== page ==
TAMPA, Fla. - Tom Brady is known for throwing footballs, but will he be called on to pitch social distancing, too?
"We have to find a way to reach those folks, especially the Millenials with a message and messengers they will listen to," said Commissioner Ken Welch, a member of Pinellas County's COVID-19 policy group.
Members of emergency working groups in Hillsborough and Pinellas counties are brainstorming solutions after expressing outrage at younger people who they say aren't social distancing or wearing masks.
"We want a Tom Brady, we want a Derrick Brooks, a Lightning player, Titus O'Neill, to say it," said the chair of the Hillsborough County Commission Les Miller. "Please wear your masks."
Data from the Florida Department of Health shows cases of COVID-19 have gone up among 25 to 34-year-olds.
In Hillsborough, 21% of cases were in that age range until recently. Now it's 46%.
"There are going to be even more spikes next week," Miller predicted. "The week after, the week after because of the mere fact we just got past the Memorial Day holiday and we now have all the protests going on."
Even worse, graphs show the trend of new overall cases is also increasing.
If Tom Brady wore a mask, would you? (A man wearing a respiratory mask does a double-take at a wax figure of Tom Brady in the Dreamland Wax Museum in Boston.) (Stan Grossfeld/The Boston Globe / Getty Images)
In Pinellas, the percent of positive results has doubled over the last week, to four percent, and the numbers are similar in Hillsborough.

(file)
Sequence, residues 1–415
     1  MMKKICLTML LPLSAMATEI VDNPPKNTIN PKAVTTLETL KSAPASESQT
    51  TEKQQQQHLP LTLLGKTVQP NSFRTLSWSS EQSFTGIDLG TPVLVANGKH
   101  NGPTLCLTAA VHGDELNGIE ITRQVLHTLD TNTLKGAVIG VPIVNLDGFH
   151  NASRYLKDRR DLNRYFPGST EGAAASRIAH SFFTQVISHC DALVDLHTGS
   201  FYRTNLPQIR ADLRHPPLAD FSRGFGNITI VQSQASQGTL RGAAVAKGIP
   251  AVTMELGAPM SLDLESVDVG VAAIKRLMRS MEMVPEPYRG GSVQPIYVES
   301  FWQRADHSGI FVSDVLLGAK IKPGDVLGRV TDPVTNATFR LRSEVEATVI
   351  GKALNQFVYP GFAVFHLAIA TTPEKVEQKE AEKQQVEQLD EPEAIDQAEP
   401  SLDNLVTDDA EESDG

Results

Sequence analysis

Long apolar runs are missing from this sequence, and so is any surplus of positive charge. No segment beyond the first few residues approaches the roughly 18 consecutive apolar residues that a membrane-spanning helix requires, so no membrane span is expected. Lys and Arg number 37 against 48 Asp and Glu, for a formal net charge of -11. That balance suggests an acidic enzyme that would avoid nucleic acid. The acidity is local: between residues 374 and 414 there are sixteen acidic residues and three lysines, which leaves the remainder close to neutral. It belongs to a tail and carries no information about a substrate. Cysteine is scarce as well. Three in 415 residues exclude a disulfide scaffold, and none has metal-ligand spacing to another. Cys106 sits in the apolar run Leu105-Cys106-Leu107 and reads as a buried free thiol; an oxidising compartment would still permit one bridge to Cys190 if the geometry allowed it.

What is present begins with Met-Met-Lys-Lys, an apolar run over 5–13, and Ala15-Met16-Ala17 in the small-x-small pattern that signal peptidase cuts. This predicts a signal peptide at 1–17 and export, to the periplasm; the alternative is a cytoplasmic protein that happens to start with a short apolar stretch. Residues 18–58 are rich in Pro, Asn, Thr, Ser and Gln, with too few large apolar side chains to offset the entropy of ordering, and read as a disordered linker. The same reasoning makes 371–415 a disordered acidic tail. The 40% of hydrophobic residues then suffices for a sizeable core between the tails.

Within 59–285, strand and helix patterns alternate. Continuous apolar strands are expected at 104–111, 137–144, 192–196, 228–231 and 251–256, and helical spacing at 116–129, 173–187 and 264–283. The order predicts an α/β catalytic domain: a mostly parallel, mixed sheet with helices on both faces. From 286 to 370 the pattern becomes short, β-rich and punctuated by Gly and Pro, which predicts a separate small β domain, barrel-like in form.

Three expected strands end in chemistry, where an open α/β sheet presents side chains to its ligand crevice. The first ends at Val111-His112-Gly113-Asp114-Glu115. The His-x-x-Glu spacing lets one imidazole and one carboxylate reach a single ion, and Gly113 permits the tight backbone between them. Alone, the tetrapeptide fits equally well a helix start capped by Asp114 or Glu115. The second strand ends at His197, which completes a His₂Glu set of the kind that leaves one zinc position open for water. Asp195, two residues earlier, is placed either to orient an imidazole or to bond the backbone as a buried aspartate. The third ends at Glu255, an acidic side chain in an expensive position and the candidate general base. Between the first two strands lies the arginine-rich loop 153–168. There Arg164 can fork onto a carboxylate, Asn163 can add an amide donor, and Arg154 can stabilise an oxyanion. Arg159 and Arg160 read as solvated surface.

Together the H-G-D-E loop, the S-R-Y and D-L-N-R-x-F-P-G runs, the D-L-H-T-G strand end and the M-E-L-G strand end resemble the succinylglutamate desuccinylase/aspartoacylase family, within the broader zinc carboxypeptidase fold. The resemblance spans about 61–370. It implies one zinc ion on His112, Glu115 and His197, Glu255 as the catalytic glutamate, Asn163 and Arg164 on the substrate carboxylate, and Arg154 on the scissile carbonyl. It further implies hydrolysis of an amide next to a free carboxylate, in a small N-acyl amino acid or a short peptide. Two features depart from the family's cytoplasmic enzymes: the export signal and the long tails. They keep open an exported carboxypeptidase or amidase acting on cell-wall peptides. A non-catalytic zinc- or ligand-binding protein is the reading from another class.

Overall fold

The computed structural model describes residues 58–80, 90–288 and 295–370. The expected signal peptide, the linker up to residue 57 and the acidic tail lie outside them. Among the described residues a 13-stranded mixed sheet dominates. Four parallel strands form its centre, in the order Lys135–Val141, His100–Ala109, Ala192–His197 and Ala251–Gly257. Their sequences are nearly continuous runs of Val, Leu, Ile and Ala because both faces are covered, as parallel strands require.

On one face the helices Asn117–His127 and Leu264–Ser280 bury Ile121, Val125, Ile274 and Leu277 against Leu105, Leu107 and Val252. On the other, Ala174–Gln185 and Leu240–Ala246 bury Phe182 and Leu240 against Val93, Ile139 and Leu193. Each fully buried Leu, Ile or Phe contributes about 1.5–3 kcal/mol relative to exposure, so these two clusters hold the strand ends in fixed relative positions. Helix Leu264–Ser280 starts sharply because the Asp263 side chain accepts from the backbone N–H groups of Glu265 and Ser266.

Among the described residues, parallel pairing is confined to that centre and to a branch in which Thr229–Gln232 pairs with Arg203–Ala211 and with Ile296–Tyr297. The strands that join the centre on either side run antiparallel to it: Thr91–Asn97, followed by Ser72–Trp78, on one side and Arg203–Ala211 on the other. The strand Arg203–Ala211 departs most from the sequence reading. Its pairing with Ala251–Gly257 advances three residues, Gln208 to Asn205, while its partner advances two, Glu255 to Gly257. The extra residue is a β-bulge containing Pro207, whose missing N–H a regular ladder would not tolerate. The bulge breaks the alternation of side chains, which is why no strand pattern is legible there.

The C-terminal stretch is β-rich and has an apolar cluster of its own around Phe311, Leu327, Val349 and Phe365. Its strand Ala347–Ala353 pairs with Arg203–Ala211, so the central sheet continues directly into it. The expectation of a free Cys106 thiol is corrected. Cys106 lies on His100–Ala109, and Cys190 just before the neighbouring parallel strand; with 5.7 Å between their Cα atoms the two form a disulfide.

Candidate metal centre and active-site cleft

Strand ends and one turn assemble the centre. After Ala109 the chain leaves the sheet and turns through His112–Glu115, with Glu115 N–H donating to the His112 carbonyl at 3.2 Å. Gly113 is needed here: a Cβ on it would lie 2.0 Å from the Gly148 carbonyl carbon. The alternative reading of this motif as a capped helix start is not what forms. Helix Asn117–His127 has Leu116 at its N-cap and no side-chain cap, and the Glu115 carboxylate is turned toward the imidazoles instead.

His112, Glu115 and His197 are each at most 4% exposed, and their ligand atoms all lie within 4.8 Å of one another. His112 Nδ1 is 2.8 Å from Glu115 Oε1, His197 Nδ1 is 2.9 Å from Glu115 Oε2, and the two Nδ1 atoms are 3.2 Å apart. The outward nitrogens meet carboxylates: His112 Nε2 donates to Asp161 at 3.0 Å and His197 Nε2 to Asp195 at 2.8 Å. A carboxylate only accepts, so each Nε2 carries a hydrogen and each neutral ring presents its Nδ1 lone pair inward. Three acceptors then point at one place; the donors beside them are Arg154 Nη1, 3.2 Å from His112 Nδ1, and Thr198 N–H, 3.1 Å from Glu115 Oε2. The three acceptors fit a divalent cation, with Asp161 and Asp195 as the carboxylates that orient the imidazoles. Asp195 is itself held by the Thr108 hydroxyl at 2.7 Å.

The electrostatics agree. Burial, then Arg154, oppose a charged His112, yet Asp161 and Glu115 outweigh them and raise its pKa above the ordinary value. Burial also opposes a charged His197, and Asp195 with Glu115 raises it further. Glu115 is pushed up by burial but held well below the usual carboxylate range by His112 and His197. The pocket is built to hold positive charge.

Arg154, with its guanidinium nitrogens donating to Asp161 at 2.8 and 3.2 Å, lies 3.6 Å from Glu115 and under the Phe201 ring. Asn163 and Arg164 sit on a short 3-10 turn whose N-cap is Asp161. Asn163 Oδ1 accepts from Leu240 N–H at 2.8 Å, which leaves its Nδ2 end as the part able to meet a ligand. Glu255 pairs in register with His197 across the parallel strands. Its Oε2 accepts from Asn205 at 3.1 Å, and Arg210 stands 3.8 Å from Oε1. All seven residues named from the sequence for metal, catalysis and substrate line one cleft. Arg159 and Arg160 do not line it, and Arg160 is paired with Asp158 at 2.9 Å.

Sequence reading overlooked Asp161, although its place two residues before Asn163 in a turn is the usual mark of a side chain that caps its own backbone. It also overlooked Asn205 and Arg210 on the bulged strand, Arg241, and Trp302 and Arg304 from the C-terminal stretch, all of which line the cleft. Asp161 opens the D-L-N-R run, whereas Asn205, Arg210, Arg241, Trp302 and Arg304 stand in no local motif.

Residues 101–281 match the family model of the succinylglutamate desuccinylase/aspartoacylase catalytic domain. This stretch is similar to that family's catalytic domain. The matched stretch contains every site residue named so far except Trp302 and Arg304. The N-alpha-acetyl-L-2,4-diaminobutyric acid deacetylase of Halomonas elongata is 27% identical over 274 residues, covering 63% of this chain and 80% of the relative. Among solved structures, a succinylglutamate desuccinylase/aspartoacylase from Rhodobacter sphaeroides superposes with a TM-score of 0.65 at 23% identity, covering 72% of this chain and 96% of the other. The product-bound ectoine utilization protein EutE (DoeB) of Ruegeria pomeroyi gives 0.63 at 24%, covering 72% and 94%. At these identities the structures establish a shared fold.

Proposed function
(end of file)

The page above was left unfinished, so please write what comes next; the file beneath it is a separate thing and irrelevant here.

"We don't want to make it mandatory to wear masks," said Miller. "But we should be the ones pushing a very strong strong strong message. Please please, wear your mask."
The head of Hillsborough's health department does not believe a crisis is upon us just yet, especially because hospitals are not overwhelmed and deaths have generally not increased. Governor Ron DeSantis said 75% of the state's hospital beds are taken right now.
But reaching those who are unwittingly fostering community spread is the key.
"I remember being young and feeling invincible too," said Dr. Marissa Levine of USF Heath. "But we need them to help protect the vulnerable, or we will see the hospitalizations go up and the deaths increase also."
Both counties said they are now working together on regional approaches to doing even more public education campaigns to reach those who may not follow county social media pages.
If you feel sick:
The Florida Department of Health has opened a COVID-19 Call Center at 1-866-779-6121. Agents will answer questions around the clock. Questions may also be emailed to firstname.lastname@example.org. Email responses will be sent during call center hours.
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